Please, share your stories of long train journeys...

Inspired by this thread. I have been fondly reminiscing all day about some of my long train trips, and I am sure some of you have tales to share, too.

My first trip ever on a train was when I was 3 or 4 - we went to my cousin’s wedding. It wasn’t far, (Yorkton, SASK to Vegreville, ALTA) but it was an overnight, and so we got a sleeper car. The only reason I remember that trip at all is the sleeper car had these hammocks for putting your clothes in, and I was so upset that I couldn’t sleep in a hammock like a pirate!

I remember another trip, when I was 18, from Brandon, MAN. to Kamloops, BC. I got carded in the bar car, and a couple of hours later, the bartender said to me “You have to finish that beer and get out - we’re about 10 miles from Saskatchewan.” I said, “You’ve got to be kidding me.” Nope, he wasn’t. Guess who the bartender was just as we left Jasper, ALTA…

I also remember a few trips where I got to travel with my guitar - there is something just incredibly inspiring about the fast, rocking motion of the train coupled with the stillness of objects in the middle distance and the fenceposts just off the train whipping past in a regular rhythm. It instantly transforms even a mediocre player into Pat Metheny. Get a sleeper car, a day-nighter or a window seat on the right side of the train and try it out. You’ll be amazed…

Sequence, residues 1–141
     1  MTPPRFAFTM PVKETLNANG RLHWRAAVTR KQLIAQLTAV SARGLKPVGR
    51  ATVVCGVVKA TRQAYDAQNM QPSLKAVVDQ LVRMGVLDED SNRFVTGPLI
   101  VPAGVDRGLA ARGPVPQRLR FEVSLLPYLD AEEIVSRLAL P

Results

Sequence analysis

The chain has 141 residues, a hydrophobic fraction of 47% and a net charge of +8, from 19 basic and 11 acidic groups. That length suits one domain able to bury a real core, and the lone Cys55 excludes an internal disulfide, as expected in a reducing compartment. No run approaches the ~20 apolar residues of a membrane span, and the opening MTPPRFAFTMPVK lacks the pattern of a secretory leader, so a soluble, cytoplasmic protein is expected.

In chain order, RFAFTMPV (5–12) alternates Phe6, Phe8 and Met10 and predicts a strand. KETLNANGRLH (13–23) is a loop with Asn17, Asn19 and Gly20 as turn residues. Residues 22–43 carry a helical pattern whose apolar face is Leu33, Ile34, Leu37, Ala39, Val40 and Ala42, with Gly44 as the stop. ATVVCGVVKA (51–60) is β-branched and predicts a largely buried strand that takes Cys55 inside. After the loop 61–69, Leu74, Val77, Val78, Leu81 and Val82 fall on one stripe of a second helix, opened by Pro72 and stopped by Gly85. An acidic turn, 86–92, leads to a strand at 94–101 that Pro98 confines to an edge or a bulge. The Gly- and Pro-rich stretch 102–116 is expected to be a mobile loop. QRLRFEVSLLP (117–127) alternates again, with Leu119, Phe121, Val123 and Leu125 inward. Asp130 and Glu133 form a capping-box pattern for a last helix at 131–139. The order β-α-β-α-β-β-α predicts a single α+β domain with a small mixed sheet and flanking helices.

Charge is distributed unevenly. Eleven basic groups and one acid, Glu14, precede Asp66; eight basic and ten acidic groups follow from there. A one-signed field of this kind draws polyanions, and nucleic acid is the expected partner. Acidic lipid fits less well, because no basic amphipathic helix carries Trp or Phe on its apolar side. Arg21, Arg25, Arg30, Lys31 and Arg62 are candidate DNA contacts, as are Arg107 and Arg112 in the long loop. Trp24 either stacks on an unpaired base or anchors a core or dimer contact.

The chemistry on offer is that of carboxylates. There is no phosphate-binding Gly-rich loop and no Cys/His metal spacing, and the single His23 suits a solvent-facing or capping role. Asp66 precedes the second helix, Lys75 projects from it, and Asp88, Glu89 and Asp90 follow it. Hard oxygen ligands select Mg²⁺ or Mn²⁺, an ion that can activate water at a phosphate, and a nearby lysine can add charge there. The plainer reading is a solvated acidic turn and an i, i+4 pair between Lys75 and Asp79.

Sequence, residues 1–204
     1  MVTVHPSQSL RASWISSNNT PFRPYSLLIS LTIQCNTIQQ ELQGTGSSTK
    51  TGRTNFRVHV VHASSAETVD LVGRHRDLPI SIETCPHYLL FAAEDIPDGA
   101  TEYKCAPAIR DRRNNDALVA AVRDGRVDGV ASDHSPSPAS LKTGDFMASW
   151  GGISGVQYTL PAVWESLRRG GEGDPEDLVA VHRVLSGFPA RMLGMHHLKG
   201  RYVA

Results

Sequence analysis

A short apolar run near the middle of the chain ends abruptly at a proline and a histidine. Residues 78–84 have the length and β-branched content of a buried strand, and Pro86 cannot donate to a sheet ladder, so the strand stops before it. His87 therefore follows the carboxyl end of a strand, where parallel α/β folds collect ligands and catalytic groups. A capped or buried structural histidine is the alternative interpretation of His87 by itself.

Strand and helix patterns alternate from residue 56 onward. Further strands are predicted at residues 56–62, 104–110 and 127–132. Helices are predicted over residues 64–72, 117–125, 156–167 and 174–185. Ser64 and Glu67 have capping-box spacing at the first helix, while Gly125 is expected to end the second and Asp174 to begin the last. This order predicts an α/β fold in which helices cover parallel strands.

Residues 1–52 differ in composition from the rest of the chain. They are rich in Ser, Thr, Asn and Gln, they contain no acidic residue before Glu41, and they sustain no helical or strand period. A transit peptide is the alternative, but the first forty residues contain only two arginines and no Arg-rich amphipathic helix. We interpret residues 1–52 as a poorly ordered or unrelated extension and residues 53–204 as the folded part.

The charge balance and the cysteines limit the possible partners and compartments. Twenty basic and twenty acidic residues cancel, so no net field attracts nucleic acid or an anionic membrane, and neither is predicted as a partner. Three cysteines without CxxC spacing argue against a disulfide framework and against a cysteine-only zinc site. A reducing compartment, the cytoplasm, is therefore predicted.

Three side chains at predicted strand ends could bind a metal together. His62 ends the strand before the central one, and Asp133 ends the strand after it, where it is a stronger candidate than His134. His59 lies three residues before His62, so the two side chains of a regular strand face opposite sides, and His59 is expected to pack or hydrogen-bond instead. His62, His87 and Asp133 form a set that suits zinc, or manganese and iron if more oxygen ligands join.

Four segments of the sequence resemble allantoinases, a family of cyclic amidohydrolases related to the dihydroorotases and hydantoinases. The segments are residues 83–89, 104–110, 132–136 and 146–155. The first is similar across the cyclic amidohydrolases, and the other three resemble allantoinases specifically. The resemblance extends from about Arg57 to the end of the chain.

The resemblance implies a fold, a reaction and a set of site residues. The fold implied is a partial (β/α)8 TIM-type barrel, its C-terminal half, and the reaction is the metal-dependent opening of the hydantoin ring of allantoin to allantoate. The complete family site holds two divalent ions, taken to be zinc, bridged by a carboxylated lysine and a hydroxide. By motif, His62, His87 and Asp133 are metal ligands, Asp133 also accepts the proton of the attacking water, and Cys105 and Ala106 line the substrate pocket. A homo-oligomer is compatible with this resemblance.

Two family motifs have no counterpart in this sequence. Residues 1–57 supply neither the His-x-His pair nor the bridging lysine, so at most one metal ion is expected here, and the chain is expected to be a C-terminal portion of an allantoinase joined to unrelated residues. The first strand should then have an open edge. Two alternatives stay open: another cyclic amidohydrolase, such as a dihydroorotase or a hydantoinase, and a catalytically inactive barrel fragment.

I haven’t even begun to talk about the people, and how fun it is to share stories in the dining car, or late in the bar car or the old dome cars.

Even on the short runs, our current family vacation strategy is for one parent and both kids to ride the train, the other parent takes the car so that we end up with a car at our destination, but we haven’t had to deal with anything like the same level of “Are we there yet?” boredom from the kids. We’ve gone to Ottawa, Québec and Montréal that way - it’s fantastic.

Lordy, I love the trains. How about you folks?

I took the train from Tacoma to Sacramento when I was 11 or 12. I remember not sleeping much (seemed like a lot of the trip was at night) and losing a piece from our backgammon set between the seats.

Did a few trips in Europe in 2006. I was living in Nuremberg for three months and wanted to see as much of the continent as I could. Typically, I’d take a night train on Friday, have a day-and-a-half in some city, and home on Sunday afternoon. Saw Vienna, Prague, Berlin and Paris that way.